If your dog is a rescue, this may be the case. Whatever the cause, if the result is extreme shyness or nervousness, you will have to commit your time, energy, and patience to help your dog overcome its problems.

Be Your Dog’s Trusted Friend and Guardian

Create a stable, safe environment for your dog. Feed and exercise him regularly. One of the best ways to build
a positive and trusting relationship with your dog is to invest in basic obedience training. Let him know that you are a consistent, predictable force in his life. You want your dog to trust you completely because you are asking him to change his usual way of being.

You may also want to use your dog’s breed to your advantage. For example, if your dog is a retriever, the dog will most likely respond well to retrieving games to distract him from his fears and to build confidence. Agility
training is another great way for owner and dog to bond and to create a positive experience.

Positive Association is a Great Tool

Food and praise are usually key components to training dogs. They are usually very receptive and responsive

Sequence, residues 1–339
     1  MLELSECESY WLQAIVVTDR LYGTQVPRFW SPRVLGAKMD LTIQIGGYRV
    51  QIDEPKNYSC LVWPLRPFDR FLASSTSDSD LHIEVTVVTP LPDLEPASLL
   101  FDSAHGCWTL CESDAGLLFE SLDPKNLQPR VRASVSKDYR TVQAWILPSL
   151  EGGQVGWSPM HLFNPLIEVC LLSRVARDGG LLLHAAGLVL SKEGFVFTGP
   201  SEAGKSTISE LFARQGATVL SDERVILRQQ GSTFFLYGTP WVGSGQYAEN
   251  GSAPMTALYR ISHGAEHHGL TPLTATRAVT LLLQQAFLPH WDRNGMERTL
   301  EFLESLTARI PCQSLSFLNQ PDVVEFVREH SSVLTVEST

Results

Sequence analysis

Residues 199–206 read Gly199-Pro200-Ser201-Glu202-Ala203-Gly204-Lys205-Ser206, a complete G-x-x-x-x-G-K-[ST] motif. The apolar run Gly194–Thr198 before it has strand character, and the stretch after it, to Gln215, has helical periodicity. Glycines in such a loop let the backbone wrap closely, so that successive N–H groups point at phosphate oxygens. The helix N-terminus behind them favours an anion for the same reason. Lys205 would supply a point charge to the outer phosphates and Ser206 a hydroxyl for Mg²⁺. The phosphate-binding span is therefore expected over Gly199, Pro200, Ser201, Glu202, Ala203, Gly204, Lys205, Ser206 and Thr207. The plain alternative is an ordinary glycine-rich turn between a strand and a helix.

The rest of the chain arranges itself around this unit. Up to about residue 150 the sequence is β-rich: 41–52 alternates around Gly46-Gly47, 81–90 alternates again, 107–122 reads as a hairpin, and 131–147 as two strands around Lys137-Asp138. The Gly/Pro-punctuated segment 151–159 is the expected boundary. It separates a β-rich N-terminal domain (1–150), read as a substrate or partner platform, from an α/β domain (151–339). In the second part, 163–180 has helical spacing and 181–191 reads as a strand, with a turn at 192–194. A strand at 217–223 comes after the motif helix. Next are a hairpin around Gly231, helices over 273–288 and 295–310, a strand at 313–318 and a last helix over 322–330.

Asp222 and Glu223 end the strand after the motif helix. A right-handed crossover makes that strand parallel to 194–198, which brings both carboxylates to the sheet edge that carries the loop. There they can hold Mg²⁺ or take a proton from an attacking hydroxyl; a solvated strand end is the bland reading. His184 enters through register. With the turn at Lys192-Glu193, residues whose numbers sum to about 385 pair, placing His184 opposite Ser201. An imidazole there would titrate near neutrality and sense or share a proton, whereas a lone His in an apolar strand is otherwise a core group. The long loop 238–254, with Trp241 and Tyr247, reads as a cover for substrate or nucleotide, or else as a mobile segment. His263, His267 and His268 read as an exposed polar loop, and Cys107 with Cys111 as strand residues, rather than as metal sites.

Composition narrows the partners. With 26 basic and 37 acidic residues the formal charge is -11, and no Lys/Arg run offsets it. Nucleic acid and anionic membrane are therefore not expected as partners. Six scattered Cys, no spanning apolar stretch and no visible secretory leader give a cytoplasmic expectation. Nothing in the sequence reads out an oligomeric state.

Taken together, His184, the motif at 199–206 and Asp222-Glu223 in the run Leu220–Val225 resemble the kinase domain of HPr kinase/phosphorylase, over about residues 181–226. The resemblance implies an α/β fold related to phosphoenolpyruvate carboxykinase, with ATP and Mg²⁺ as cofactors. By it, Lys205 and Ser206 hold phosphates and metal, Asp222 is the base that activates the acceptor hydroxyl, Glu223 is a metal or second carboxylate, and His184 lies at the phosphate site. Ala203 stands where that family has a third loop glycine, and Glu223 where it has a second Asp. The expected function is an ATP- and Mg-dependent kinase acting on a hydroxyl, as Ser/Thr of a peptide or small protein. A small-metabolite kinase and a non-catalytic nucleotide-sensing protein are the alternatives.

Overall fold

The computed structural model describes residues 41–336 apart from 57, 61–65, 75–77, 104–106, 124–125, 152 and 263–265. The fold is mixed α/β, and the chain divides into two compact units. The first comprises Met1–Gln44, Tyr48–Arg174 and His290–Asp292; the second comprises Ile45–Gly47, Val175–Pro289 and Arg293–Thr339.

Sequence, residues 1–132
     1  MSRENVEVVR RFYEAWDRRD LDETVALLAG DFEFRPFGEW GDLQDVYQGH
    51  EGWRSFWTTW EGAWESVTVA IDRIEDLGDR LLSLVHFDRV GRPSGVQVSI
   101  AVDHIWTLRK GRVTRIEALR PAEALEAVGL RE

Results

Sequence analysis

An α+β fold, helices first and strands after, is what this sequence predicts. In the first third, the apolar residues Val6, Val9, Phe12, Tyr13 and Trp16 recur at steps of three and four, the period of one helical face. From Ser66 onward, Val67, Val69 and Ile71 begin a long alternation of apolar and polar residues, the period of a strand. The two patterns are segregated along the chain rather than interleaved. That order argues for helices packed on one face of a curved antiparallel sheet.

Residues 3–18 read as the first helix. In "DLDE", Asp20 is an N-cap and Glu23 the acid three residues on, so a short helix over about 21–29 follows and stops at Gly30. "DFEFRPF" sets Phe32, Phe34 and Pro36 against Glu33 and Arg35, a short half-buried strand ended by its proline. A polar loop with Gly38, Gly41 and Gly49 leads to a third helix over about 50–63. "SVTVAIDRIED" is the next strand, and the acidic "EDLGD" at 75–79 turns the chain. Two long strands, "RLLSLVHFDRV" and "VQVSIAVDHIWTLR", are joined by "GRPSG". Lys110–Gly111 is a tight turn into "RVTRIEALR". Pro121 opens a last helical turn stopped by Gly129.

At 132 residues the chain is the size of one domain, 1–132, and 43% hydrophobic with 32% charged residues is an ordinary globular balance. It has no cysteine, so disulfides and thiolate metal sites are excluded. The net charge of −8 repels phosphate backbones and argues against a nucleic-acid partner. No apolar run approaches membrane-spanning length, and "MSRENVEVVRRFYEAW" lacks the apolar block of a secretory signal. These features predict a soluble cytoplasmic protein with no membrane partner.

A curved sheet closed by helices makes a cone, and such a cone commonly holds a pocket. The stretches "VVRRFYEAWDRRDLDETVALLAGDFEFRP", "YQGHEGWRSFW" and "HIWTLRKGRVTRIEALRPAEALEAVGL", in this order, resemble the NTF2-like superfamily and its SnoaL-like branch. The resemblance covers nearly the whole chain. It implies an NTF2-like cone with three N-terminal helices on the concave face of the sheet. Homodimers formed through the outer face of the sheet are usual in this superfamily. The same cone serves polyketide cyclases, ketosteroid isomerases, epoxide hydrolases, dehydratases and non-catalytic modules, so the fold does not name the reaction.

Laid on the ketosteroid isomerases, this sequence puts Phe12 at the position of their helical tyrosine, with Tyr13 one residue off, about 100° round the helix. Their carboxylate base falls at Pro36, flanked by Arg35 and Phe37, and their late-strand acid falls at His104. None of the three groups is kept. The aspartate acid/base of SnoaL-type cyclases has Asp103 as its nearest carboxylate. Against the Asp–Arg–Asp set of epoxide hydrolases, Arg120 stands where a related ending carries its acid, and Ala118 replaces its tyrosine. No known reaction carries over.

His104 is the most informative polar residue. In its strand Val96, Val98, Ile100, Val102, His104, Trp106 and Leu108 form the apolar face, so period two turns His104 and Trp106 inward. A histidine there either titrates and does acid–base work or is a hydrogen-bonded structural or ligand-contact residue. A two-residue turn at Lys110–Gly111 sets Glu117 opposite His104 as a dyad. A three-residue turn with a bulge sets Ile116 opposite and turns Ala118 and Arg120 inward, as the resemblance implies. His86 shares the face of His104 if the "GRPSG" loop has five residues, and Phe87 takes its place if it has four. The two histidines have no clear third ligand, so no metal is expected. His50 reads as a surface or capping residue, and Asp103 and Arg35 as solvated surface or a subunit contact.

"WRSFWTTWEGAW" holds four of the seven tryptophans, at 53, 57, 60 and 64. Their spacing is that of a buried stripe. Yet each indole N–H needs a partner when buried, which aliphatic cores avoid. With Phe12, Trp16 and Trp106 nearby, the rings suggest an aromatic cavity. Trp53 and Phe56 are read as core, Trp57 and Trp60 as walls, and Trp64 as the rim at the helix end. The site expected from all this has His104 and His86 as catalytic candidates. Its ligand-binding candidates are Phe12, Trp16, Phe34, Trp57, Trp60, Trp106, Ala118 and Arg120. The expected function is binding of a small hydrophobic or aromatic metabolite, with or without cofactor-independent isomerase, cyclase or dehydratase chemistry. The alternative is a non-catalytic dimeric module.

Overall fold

to treats and praise. For example, you may be able to use a treat to encourage a dog that is nervous around new people to associate good things with those people.

If you have friends coming over, you can inform them about your training. Don’t allow your dog avoid the situation. Have your dog in the same room as the visitors. Friends should sit down (the height difference between humans and dogs can intimidate some dogs).

They should ignore the dog as fearful dogs do not like people looking at them in the eye and approaching
them and petting them without invitation. Let the dog approach your friends in his own time and have them give a special treat if he exhibits interest and comes close.

The treat-giver may have to start off by tossing the treat to the dog rather than feeding it directly, but this may eventually lead to the dog taking the treat from the giver’s hand. Sometimes, dogs are fearful of someone who lives in the same household. If that’s the case, the feared person should become someone the dog associates good things with such as food, treats, and play.

The feared person should be the sole provider of food, and the person the dog normally clings to out of insecurity should pay less attention to the dog. Don’t worry, they will still love you.